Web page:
Veterans wanted to appropriately honor and say goodbye to a four-legged Marine veteran that died.
There is no script or playbook to follow to honor dogs which served our country, so, sometimes, it's best to just follow your heart.
Mark American Horse carried his dog Adja, a retired marine working dog, to her final assignment.
Adja was trained as a bomb dog, helping find IEDs and other weapons on four overseas deployments.
She served the Marines for almost 10 years and at the end of her active service Mark, a Marine himself, adopted her.
"That was in Hawaii, so we got to spend some time. I took her to the beaches and stuff like that, so we got to spend some good, quality time there” he said.
The Marines have a program that allows retired service dogs to be adopted. Her handler couldn't, so Mark stepped up.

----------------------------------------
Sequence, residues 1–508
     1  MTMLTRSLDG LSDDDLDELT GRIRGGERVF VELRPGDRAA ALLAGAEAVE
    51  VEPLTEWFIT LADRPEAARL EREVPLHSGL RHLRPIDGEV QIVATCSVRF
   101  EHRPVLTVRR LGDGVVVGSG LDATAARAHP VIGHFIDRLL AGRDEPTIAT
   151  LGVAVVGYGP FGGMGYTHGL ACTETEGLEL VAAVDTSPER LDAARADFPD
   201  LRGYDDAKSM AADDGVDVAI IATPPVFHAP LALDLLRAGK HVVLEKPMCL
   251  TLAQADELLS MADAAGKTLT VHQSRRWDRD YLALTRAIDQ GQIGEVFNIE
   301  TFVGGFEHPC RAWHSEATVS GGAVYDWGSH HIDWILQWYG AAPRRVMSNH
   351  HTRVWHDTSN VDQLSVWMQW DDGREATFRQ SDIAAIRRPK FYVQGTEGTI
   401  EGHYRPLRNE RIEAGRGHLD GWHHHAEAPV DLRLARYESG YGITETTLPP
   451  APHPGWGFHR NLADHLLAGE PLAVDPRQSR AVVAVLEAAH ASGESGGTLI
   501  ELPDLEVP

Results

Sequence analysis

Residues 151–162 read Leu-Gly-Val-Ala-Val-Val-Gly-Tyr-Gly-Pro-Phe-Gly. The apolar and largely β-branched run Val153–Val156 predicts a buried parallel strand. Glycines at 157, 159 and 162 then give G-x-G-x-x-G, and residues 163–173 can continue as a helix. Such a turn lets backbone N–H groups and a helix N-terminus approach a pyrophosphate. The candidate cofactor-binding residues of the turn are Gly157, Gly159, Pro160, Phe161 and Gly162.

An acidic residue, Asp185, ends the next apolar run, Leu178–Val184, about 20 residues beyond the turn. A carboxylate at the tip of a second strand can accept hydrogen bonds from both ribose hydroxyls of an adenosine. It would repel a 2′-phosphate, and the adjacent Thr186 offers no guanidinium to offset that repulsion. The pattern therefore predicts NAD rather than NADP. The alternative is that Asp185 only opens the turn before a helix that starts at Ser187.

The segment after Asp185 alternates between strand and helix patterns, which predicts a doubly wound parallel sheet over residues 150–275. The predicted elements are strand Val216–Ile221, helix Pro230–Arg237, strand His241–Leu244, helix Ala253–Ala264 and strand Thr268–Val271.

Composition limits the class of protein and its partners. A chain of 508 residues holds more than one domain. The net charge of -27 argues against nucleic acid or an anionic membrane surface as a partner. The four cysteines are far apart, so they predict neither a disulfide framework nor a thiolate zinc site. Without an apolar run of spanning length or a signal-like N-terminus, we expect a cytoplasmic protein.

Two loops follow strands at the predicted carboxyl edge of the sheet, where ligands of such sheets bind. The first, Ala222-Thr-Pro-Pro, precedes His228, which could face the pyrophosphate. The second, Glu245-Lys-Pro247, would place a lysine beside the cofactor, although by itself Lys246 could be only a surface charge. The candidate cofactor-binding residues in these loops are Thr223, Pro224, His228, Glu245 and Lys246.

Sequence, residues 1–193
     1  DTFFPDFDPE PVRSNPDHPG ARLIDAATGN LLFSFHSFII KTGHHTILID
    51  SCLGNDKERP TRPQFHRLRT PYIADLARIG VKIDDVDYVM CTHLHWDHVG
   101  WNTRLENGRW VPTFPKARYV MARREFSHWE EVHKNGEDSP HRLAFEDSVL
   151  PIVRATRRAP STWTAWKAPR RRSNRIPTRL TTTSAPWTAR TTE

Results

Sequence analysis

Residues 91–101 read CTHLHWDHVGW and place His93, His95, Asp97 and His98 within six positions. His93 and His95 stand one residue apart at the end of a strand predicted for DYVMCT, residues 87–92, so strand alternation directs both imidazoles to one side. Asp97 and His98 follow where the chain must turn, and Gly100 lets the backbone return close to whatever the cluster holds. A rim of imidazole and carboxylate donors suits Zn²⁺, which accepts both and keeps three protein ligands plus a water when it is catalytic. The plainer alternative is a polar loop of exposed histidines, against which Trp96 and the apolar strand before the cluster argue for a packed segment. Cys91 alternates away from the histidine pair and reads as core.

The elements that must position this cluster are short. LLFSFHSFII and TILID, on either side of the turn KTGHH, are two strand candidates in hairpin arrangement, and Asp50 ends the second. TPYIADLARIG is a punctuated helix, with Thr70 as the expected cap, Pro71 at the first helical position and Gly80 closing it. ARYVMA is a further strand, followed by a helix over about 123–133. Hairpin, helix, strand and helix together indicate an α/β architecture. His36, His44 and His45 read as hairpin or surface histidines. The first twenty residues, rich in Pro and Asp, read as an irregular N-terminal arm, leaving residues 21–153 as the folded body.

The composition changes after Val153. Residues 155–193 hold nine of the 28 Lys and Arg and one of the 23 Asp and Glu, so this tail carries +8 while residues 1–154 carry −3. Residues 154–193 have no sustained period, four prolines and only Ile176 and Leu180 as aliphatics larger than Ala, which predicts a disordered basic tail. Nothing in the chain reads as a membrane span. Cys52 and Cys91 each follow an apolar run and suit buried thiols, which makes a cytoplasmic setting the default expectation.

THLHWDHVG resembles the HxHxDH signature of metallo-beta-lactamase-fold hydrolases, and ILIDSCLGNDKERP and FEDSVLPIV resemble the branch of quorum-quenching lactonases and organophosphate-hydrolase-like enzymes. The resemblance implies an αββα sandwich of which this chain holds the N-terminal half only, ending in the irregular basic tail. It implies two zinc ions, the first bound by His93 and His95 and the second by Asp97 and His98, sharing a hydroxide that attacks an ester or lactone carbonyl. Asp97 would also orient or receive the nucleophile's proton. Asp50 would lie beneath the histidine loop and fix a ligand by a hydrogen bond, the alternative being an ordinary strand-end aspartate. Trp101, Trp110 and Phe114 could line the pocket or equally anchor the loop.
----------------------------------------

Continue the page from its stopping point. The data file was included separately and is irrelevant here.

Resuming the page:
"I thought it was a good idea to adopt her,” he said. “She's been a great dog."
She's over 13 now and years of active service have taken their toll. She's developed severe arthritis in her hind legs and hips. She's basically immobile and in severe pain, and Mark decided it was time to give her some peace.
So he took her to the veterinarian and arranged for an honor guard from the United Keetoowah Band and VFW post 7977 to provide ceremonial honors.
The final plan calls for Adja to be cremated, but Mark built a casket for her out of her dog house so she could be carried with all the dignity and honor she has earned.
The Honor Guard from the VFW Post 7977 performs about 260 veteran funerals each year. This was their first for a four legged veteran.